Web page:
Egypt Votes, But For What Exactly?

Egypt had a free and fair vote to amend the Egyptian constitution, that’s a good thing, right? Not so fast.

Egypt Approves Amendments

Egyptians voted in overwhelming numbers to approve a set of constitutional amendments, setting the stage for Egypt’s first truly contested parliamentary and presidential elections in decades.

Saturday’s historic referendum on the amendments saw millions of enthusiastic Egyptians wait patiently for hours to cast ballots in what for almost everyone was a novelty—a vote in which the result wasn’t effectively predetermined.

The largely peaceful and fraud-free vote was a marked contrast to past elections and a glimpse of how much has changed in Egypt in the weeks since President Hosni Mubarak stepped down amid widespread unrest, ending decades of single-party, autocratic rule.

Yet Saturday’s referendum also offered early clues into the rifts likely to shape Egyptian politics in the coming months and years. Many of the largely secular liberals who led the revolution that ousted Mr. Mubarak were opposed to the amendments, strongly suggesting the protest leaders have fallen out of sync with the vast majority of Egyptians.

Protest leaders criticized the amendments as part of a rushed and problematic timeline for establishing democracy; approving the changes started the clock on a race they said they are unprepared to run because they are still setting up parties.

Almost alone among the political groups in support of the amendments were the Muslim Brotherhood, an Islamist group outlawed under Mr. Mubarak, and the National Democratic Party, the former president’s ruling party. Both hope to capitalize on their already strong organizations in summer elections for parliament, which will then be charged with writing an entirely new constitution.
. . .

Journalists covering the announcement abandoned any pretenses of objectivity and yelled “Allahu Akbar!”—”God is Great!”—when the tallies were read out by officials.

See also:
How Egypt’s historic referendum could now bolster Islamists
Big majority vote for constitutional changes in Egypt
Egypt Backs Constitutional Changes That May Aid Brotherhood, Mubarak Party
Egypt: Constitution changes pass in referendum
Egyptians approve constitutional amendments in referendum
Egyptians overwhelmingly approve constitutional changes
Egyptians set for summer elections
Egyptian voters say ‘yes’ to speedy elections
Egypt’s Historic Referendum: Rushed But Moving
Egypt referendum results: 77.2 per cent say ‘Yes’ to the amendments
Egypt approves amendments, prepares for next step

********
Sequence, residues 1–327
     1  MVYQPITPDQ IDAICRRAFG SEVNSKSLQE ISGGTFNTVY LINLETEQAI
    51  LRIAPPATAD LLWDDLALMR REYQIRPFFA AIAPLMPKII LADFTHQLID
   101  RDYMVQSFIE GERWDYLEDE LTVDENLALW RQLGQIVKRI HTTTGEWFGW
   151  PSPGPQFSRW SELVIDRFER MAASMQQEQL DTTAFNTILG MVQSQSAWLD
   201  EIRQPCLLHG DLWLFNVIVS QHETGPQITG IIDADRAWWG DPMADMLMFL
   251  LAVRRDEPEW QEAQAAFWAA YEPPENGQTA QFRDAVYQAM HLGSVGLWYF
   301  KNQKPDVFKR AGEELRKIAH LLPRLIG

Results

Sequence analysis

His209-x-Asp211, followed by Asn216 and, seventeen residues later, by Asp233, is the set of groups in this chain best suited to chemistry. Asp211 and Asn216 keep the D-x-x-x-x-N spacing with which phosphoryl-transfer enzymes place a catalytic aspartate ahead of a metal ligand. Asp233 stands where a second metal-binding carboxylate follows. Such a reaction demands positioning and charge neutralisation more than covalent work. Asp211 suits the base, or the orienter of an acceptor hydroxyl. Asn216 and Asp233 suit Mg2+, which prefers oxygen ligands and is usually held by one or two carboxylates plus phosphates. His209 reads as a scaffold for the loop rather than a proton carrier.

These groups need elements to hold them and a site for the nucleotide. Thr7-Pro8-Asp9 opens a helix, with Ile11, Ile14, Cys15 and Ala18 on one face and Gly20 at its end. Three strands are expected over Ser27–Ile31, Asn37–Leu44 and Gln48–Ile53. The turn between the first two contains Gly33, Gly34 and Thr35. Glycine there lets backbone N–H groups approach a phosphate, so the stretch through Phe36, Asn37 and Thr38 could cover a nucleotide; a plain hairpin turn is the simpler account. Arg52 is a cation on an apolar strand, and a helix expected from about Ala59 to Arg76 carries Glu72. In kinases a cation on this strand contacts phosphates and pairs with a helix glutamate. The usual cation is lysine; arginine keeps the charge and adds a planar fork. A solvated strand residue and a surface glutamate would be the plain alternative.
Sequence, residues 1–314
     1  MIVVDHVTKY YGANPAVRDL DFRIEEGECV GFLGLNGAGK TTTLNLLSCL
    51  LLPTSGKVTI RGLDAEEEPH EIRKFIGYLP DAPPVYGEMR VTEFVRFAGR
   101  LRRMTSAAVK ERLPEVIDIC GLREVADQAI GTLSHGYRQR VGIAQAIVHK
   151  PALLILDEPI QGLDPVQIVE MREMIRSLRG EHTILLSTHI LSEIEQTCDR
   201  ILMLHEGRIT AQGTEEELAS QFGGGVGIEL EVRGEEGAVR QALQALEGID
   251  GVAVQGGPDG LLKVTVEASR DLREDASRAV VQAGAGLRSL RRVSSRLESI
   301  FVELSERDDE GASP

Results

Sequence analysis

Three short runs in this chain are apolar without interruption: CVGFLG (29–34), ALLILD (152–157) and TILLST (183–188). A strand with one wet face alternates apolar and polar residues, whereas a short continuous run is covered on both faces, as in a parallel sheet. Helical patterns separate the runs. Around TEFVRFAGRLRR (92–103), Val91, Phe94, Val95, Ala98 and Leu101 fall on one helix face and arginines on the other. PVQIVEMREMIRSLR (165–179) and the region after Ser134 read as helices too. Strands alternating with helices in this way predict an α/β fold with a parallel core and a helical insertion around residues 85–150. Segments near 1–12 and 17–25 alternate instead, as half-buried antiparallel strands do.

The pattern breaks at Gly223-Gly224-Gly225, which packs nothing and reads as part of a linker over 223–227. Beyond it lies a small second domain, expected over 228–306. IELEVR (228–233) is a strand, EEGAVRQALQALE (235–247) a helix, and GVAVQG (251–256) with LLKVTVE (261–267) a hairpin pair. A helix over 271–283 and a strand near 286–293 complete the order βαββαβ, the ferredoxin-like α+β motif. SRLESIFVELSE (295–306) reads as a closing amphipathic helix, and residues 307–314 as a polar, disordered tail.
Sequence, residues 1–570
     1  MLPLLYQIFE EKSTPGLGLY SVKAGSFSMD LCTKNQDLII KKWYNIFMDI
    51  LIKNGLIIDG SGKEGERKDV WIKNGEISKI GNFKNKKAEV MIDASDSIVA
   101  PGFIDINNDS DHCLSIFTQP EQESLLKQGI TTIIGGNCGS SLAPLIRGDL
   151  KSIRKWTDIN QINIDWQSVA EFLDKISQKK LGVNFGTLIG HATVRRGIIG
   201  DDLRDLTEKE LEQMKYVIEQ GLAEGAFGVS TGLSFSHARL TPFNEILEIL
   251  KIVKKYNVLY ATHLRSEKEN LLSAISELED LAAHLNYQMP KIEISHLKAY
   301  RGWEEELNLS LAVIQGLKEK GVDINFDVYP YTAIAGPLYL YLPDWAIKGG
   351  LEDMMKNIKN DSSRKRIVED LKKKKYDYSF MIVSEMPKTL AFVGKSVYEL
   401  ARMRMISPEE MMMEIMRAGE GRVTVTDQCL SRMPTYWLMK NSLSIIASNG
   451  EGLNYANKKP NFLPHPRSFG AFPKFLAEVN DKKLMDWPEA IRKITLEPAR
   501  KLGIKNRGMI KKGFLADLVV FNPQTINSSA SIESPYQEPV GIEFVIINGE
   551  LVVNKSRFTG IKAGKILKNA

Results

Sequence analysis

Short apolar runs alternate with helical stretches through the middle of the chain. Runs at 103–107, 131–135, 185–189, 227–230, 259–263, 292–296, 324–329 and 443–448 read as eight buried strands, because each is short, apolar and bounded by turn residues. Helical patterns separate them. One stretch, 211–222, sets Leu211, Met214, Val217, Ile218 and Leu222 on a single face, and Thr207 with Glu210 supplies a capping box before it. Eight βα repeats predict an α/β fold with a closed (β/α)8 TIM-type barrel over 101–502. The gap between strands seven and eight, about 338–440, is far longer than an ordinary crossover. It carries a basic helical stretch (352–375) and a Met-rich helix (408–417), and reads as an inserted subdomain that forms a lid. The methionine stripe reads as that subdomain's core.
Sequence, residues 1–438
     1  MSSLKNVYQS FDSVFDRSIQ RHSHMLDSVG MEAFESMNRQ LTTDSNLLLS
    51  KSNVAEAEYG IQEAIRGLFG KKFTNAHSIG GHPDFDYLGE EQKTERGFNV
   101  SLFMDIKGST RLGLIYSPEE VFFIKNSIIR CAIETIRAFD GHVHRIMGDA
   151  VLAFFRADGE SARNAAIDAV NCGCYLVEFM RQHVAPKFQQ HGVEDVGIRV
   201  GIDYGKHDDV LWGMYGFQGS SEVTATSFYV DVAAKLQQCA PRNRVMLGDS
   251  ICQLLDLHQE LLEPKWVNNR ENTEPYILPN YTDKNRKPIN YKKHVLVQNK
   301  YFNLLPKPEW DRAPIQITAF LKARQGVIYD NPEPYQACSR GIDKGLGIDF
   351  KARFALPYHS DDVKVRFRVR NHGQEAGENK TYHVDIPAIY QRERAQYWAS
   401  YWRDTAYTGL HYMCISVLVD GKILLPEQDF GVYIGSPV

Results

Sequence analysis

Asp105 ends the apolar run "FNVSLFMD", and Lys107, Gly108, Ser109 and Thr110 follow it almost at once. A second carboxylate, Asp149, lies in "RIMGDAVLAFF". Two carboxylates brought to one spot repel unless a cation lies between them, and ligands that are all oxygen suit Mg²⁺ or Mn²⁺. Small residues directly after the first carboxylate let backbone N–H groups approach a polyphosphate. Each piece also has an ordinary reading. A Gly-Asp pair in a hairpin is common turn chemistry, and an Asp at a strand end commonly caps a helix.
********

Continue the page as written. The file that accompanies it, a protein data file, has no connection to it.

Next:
Egyptians get taste of democracy in post-Mubarak era
Egyptians approve constitutional changes, clearing way for elections

Egypt has zero recent history of democracy or diverse political parties. So, obviously, whatever groups are already the most organized will benefit the most from the early elections just approved. And what’s the most organized group in Egypt? The Muslim Brotherhood. What happens if the Muslim Brotherhood comes to dominate the democratically elected parliament after this summer’s elections and, therefore, gets to write the new Egyptian constitution?

/it could very well turn out to be “one man, one vote, one time

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Just Vote No

Here’s a chance for the secularists in Turkey to push back against Islam.

Turkey’s vote on constitution also a referendum on its premier

The battle between Turkey’s socially conservative, Islam-rooted government and the country’s more secular political establishment will come to a head Sunday, when Turks vote on a package of constitutional amendments in a referendum that is being cast as a judgment on the leadership of Prime Minister Recep Tayyip Erdogan.

A single up-or-down vote is required on 26 proposed constitutional changes. They include uncontroversial steps such as expanding rights for the disabled as well as a more polarizing amendment that would give the executive branch more power in appointing judges and state prosecutors.

The referendum is the most far-reaching attempt to amend the constitution since it was put in place in 1982 after a military coup. The results will shape Turkey’s political outlook as it heads into general elections in the spring. A no vote could bolster the opposition and cost Erdogan’s Justice and Development Party (AKP) support in those elections. That could lead to a coalition government, which in the past has prompted economic instability.

A yes vote would give the AKP another chance to confirm its mandate and an advantage heading into campaigning for a third term. But it would also mean that the polarization among Turks about the country’s direction will continue to grow.

See also:
Turkey Referendum to Be Closely Watched
Recep Tayyip Erdogan facing crucial Turkey vote
Turks Hold Referendum on Amendments to Constitution
Key issues in Turkey’s referendum on amendments
Judicial referendum divides Turkey
Turkey votes in referendum to amend constitution
Turkey’s Vote A Popularity Contest For Democracy
Turks go to the polls in crucial referendum

This vote is huge, a microcosm for where the world is headed.

/keep your fingers crossed because it’s too close to call